The 1970s-era dwelling had most recently served as a rental property, with drab carpeting, dark wall paneling, and a massive stone fireplace smack in the center of it all that proved a tricky obstacle. Not to mention the basement, a dormant and windowless utility space, featuring a massive and unmovable boulder that proved aesthetically problematic. But for as much as the home desired, there were bits and pieces that, with a lot of elbow grease and an enthusiastic team of contractors, could be not only salvaged but shined.

“The dropped level in front of the original stone fireplace, the huge space for a daylight recreational room in the basement, and the bedroom suite—separated from everything else by an entire story—were all major bonus points for the home,” Bill says. The lot, too, was something to celebrate. Situated on a hill overlooking the lake, the location was free of the encroaching conifers and aged maples creeping close to the other lakeside camps. Instead, this lot was grassy, with abundant sunshine and just enough space for one crucial addition: a two-car garage. “The garage barelyfit onto the property, but it was a necessity. You can’t have a comfortable home in New England without a place to protect your car in the winter,” Bill says.

After conceptualizing a “flow through”—the maximization of lake vistas from all possible vantage points—on paper, the team got down to work. The front door, once “cave-like” in the center of the home, was moved to the right-hand corner to further enhance the lake views from the driveway. Dark wall panels were traded for fresh drywall painted in breezy neutral shades. The dingy carpet was torn up and replaced with glossy hardwood. A few walls were lost to enhance natural light, and space for a unifying staircase was run from the top story clear through to the basement, previously accessible only by a trapdoor. However, don’t let this seemingly finger-snap-and-done checklist hoodwink you. “There’s a reason not everyone does this,” Bob says, reflecting on the nearly yearlong project. The work, though shiny upon completion, is a messy rehab full of mishaps, potential failings, and long, long hours. “The people you choose to work with mean the world to the outcome of any given project,” Bill says. “When everyone can collectively see the same vision and work together graciously, it’s a lot like magic.”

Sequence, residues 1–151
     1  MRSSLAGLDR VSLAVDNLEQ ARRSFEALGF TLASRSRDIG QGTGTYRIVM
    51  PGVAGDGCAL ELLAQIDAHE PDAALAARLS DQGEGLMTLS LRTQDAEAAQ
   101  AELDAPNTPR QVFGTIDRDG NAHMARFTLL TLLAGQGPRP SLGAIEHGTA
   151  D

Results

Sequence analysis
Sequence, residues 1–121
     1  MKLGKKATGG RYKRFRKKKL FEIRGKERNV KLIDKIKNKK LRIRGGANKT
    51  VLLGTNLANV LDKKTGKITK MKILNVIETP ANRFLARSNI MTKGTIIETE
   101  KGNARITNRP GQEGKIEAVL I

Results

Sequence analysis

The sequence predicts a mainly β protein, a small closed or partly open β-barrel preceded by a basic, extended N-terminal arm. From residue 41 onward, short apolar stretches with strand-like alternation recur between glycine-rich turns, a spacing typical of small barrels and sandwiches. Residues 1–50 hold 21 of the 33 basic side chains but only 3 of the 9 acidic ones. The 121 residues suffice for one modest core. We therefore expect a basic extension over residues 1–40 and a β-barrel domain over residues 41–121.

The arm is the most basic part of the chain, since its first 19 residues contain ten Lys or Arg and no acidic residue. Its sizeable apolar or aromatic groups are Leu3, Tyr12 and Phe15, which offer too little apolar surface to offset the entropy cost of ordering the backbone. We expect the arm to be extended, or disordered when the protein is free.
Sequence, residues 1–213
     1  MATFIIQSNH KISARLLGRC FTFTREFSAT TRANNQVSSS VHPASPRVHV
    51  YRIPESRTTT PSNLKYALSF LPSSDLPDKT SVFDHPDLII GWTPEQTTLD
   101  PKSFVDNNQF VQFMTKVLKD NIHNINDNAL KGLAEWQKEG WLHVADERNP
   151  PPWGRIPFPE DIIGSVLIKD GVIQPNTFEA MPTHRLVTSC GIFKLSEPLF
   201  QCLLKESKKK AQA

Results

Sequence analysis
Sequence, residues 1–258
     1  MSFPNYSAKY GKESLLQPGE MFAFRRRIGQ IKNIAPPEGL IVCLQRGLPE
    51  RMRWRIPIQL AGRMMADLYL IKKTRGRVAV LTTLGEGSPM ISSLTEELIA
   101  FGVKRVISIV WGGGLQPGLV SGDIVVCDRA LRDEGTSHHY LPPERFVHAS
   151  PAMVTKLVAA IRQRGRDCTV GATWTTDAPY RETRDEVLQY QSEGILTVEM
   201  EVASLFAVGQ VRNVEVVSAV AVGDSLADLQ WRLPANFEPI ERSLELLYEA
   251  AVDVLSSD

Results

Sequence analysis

Evergreen Tree & Landscaping in Harrison crafted this oasis-like scene. The exterior is clad in Hardie board.

Evergreen Tree & Landscaping in Harrison crafted this oasis-like scene. The exterior is clad in Hardie board.

And if the teamwork involved is magic, this Sebago Lake home is the elusive genie in a bottle. Standing in the center of the kitchen and living spaces, one can catch the afternoon sunshine glinting off the seemingly endless expanse of water through rows of well-appointed Pella windows, installed to maximize daylight for solar gain. A grand nautical staircase commands center stage—designed and executed by Ross—clad in naturally finished hardwood and sleek horizontal wire slats that call to mind an ocean liner. But perhaps what makes this home truly shine is the most salvaged element of all: the enormous boulder—once considered an eyesore—that now appears as if it were painstakingly preserved from an archaeological dig. Strikingly on display in the basement-turned-daylight-rec-room, the boulder is visible from the tippy-top of the staircase, grounding and unifying this restored and redefined lakeside habitation in the home’s humble roots.